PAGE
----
Microporous adsorbents suitable for capturing carbon dioxide directly from the atmosphere.
We've developed new solid adsorbent materials that can capture CO2 directly from air. Our materials are cheap, robust, reusable and efficient at capturing CO2. These adsorbents can play a role in helping industry transition into net zero emissions, or supply CO2to new pathways of use in greenhouses, breweries and building materials.
Carbon dioxide makes up roughly one in 2,500 molecules in our atmosphere. Separating carbon dioxide from other molecules in our air, like water, oxygen and nitrogen, can be a challenge.
Direct air capture (DAC) is a process where CO2 is captured from air using filters or adsorbents (material that can separate different types of molecules) to lower CO2 concentrations.
Our customised, user-friendly, and low-energy-required adsorbents can be reused multiple times. They are easily rechargeable and can be coated or processed to suit different applications.
We've developed some new solid adsorbent technologies with real-world DAC applications. The power of our direct air capture materials lies in their custom-built micropores. These tiny pockets attract and trap carbon dioxide molecules, while allowing other atmospheric molecules to pass by.
Our DAC materials are:
- cheap, robust, and easy to make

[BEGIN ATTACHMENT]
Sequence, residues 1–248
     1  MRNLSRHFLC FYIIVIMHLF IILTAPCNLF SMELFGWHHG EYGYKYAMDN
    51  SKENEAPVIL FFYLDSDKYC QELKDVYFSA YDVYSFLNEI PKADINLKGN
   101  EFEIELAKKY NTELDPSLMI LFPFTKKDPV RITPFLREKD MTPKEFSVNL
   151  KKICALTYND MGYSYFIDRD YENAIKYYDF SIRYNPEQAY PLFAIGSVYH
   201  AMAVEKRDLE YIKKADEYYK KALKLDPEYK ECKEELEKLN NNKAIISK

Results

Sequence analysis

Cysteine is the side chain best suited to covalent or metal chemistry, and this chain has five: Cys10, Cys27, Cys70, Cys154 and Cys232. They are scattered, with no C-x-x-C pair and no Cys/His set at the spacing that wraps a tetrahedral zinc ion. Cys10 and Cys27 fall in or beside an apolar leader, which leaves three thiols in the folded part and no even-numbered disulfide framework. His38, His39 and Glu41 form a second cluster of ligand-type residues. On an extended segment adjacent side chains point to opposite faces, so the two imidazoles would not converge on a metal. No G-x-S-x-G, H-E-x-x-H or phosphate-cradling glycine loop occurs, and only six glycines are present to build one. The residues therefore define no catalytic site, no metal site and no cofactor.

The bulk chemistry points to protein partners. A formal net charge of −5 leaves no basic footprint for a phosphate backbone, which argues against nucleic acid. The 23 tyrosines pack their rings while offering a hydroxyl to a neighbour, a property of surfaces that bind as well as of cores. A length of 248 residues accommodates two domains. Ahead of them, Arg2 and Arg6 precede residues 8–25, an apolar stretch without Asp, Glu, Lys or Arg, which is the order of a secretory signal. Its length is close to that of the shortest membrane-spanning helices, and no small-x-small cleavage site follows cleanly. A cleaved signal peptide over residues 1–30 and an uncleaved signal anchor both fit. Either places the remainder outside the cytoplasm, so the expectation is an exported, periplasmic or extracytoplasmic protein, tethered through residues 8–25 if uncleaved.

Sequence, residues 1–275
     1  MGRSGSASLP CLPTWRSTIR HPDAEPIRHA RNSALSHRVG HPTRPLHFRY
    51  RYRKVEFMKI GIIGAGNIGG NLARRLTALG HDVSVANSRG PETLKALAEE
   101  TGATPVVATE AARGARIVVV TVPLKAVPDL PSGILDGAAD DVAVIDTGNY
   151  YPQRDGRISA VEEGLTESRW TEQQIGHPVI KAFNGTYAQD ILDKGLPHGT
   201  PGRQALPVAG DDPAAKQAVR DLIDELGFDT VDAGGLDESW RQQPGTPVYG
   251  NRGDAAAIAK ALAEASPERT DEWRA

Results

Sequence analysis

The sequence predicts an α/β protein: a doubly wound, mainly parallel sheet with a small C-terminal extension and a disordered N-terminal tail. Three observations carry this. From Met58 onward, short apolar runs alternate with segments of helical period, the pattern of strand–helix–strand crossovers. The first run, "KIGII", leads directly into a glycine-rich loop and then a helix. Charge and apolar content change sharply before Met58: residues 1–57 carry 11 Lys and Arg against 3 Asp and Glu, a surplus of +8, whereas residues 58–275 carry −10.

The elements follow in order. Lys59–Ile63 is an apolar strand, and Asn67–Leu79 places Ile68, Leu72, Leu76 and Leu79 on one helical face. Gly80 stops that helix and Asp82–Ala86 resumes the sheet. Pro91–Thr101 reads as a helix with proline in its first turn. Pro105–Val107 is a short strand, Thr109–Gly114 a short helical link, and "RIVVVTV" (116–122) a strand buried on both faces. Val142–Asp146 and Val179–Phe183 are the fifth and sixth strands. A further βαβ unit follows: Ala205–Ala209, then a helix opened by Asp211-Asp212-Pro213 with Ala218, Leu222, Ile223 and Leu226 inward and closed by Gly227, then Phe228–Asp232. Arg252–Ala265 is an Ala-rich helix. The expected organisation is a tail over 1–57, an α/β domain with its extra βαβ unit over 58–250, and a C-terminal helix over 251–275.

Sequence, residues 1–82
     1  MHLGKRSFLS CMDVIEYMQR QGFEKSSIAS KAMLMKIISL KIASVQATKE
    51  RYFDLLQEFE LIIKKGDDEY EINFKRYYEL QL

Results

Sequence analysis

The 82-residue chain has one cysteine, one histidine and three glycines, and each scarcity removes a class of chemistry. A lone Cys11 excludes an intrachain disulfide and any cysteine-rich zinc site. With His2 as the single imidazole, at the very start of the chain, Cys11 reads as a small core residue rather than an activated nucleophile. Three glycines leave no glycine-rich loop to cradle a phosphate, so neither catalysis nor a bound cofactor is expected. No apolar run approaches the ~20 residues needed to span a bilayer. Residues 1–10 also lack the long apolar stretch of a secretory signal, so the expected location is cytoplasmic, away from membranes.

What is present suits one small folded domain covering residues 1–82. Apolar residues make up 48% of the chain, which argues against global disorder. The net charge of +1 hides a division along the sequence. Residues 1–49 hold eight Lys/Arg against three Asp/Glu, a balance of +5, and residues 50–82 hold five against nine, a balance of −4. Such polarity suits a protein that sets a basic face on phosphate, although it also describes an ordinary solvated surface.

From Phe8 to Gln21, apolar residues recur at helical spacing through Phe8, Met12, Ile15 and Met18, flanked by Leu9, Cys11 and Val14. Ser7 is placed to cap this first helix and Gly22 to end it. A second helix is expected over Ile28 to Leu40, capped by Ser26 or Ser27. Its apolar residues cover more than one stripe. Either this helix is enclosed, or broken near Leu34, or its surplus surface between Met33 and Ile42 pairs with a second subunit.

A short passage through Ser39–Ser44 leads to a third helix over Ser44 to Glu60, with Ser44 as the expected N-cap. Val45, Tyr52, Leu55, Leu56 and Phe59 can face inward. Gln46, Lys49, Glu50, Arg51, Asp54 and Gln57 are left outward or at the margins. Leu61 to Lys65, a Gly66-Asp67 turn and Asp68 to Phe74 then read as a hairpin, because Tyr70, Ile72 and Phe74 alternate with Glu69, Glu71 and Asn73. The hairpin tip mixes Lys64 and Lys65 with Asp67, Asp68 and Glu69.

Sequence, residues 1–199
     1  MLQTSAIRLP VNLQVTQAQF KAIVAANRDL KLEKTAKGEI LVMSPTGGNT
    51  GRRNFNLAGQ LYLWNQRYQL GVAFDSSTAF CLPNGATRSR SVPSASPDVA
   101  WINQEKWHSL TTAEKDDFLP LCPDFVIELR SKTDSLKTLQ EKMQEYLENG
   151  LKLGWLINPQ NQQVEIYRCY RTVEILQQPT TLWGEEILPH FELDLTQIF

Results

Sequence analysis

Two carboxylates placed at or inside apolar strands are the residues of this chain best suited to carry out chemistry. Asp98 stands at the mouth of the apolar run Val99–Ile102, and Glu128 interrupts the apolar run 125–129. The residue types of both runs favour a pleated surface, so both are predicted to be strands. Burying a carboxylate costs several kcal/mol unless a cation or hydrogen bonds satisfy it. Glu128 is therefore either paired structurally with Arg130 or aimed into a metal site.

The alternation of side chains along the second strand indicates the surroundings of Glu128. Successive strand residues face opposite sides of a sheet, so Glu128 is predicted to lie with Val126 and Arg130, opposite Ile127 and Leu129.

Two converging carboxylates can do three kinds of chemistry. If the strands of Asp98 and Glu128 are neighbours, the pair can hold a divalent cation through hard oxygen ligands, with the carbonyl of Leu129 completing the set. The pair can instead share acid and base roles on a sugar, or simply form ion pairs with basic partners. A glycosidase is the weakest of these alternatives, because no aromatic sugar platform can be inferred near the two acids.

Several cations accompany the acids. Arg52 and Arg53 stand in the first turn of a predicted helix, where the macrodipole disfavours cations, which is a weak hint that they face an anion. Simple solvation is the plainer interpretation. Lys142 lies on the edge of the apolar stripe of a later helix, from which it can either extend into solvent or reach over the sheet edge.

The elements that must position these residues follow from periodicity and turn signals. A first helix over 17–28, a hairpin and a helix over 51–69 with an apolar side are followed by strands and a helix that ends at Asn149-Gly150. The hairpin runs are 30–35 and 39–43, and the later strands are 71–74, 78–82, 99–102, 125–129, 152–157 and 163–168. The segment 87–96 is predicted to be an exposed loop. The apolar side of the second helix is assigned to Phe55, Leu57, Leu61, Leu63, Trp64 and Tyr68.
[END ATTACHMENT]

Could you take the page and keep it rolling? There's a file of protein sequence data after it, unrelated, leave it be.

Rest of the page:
- low in toxicity and highly efficient at capturing carbon dioxide
- hydrophobic and work well in humidity.
Our DAC adsorbent technology is simple, effective, and durable with a wide range of applications:
- helping industry transition to net zero emissions
- capturing historical carbon dioxide emissions
- carbonating beverages
- indoor and outdoor atmospheric air purification
- building materials such as cement
- greenhouses for improved crop yields
- food packaging and preservation.
CSIRO has patent protected novel adsorbents for CO2 capture from air.
The team includes multidisciplinary scientists with expertise in developing porous materials for applications in direct air capture, environmental remediation, and gas separations. The team has been involved in the development of patents specific to the capture of carbon dioxide and water from air. The team is experienced in working with local chemical manufacturers.